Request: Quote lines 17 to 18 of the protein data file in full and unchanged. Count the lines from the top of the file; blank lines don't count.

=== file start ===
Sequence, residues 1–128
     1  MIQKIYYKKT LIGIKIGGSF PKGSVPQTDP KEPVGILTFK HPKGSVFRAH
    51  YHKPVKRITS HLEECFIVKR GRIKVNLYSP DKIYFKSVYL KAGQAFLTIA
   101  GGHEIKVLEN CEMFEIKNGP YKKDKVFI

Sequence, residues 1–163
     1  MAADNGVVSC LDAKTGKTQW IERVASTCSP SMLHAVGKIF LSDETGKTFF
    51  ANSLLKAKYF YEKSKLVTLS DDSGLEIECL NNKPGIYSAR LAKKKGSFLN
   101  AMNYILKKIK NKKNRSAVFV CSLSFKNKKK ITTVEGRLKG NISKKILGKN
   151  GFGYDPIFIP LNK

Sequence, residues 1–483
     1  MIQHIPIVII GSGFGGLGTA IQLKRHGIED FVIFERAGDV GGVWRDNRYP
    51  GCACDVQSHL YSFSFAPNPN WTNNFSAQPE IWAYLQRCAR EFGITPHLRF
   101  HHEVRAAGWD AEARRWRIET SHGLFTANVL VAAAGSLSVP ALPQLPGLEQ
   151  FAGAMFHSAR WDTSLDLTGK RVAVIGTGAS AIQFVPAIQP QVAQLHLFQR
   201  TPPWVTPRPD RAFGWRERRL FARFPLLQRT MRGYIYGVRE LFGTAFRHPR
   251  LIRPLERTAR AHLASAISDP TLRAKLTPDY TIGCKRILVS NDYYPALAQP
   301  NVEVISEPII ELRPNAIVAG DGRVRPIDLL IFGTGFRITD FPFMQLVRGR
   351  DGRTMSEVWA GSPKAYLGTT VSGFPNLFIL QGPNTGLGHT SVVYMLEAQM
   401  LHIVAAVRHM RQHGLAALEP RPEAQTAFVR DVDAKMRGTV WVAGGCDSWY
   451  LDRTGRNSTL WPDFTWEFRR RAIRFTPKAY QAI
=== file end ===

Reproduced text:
   301  NVEVISEPII ELRPNAIVAG DGRVRPIDLL IFGTGFRITD FPFMQLVRGR
   351  DGRTMSEVWA GSPKAYLGTT VSGFPNLFIL QGPNTGLGHT SVVYMLEAQM